Born Margaret Blagge in London, she became a maid of honour to the King’s sister-in-law, Anne Hyde, Duchess of York. She first approached John Evelyn to ask for his help with her precarious finances, and this developed into what was known as a ‘seraphic friendship’, with the couple meeting regularly for prayers and charitable works.
Margaret met politician Sidney Godolphin, and they secretly married in 1675, deeply hurting John Evelyn who found out a year later. Margaret died in childbirth in 1678. Evelyn was devastated and assuaged his grief by writing a life of Margaret as a memorial, and taking a interest in the welfare of her son Francis.
Robert Hooke (1635 – 1703)
Hooke showed an early mechanical aptitude which served him well when he arrived in Oxford in 1653 and became assistant to the scientist Robert Boyle in his famous experiments on the air pump. Returning to London at the Restoration, in 1662 he was appointed Curator of Experiments at the newly established Royal Society. The following year he moved into Gresham College and began to lecture on the history of nature and art.
In 1666 Hooke was appointed Surveyor in a team headed by Christopher Wren with the responsibility to rebuild the city after the Great Fire. Hooke not only had to deal with property disputes, but also helped to design the parish churches and civil buildings. He gained a reputation as a difficult person, and was embroiled in a long standing dispute with Isaac Newton about intellectual property.
In 1665 Hooke published Micrographia with the endorsement of the Royal Society. The book provided descriptions of tiny creatures such as the gnat and the flea, along with the structure of the snowflake. The publication caused great excitement, with Pepys recording how he bought a copy and sat up all night reading it.
Christopher Wren (1632 – 1723)
Wren studied at Wadham College, Oxford. In his diary, John Evelyn recorded the multi-storeyed transparent beehives that Wren built so that bees could be observed without harm; perhaps an early sign of a future architect. Wren originally came to prominence as a mathematician, taking the chair in astronomy at Gresham College in London in 1657.
Wren was working on the repair of the battered Gothic cathedral of St. Paul’s when the Great Fire broke out in 1666. Along with Robert Hooke and a group of craftsmen, he not only rebuilt St Paul’s, but also designed 51 churches, creating the new skyline of London. Wren was knighted in 1673, and passed away at the age of 91 on his way to visit the new St Paul’s, which he referred to as his greatest work. He was buried in the crypt, and an inscription in the centre of the nave below the dome runs, ‘Reader, if you seek his monument – look around you’.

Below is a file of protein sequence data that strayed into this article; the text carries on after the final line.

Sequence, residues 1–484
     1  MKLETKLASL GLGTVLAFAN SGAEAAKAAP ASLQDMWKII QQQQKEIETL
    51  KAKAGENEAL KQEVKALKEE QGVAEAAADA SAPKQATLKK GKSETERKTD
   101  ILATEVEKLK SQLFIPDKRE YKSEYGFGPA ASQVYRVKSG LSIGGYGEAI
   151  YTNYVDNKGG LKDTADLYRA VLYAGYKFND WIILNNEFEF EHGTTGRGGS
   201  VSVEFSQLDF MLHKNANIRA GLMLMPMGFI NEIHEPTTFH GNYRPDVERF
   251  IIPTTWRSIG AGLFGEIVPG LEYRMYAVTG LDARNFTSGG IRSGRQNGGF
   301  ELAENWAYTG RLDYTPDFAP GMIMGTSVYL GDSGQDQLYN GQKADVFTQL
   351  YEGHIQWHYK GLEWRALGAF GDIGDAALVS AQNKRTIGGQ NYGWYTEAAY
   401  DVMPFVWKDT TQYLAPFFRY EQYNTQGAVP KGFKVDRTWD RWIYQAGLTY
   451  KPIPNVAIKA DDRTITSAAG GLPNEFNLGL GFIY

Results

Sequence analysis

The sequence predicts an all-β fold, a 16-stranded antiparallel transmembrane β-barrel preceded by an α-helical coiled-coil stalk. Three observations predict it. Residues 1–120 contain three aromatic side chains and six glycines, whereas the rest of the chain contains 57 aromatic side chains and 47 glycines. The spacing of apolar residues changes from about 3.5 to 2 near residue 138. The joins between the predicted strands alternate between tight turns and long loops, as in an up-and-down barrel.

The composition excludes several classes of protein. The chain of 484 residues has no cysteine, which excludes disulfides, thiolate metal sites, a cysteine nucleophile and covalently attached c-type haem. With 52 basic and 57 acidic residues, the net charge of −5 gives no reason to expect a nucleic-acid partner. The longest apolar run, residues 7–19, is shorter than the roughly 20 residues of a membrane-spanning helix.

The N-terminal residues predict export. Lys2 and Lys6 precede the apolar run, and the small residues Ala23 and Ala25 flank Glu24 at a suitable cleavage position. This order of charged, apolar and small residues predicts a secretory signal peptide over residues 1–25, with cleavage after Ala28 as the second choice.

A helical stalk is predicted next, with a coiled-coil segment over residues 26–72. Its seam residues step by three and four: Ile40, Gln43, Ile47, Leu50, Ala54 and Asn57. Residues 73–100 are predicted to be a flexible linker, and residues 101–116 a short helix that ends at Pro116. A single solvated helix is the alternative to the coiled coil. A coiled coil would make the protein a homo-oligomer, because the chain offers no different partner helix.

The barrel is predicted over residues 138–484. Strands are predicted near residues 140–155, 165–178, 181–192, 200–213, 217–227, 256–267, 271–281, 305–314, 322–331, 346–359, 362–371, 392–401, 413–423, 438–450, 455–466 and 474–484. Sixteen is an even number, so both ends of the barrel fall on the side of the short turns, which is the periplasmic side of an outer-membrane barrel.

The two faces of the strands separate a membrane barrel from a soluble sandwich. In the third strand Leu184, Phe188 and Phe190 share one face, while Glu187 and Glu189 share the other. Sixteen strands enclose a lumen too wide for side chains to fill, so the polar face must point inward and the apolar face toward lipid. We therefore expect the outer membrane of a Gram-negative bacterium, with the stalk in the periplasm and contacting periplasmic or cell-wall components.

Sir Kenelm Digby (1603 – 1665)
When Kenelm Digby was just three, his father was executed for his part in the Gunpowder Plot. Despite the requirement to be brought up in the Protestant faith, he remained a Catholic, attending Gloucester Hall in Oxford where his tutor was a humanist with Catholic sympathies. In 1625 he secretly married his childhood sweetheart, the great beauty Venetia Stanley.
Digby settled in Charterhouse Square with his wife and children. Interested in recipes, he concocted ‘viper wine’ to preserve Venetia’s beauty, and was devastated by her sudden death in 1663, which some attributed to the wine. Digby took up residence in Gresham College, immersing himself in scientific experiments, and becoming an early member of the Royal Society. After his death in 1665, his recipes were published in a cookery book, including memorable advice on making the newly fashionable drink of tea – water should not remain on the leaves any longer than ‘you can say the Miserere Pslam very leisurely.’
The Curious World of Samuel Pepys & John Evelyn is available to buy here.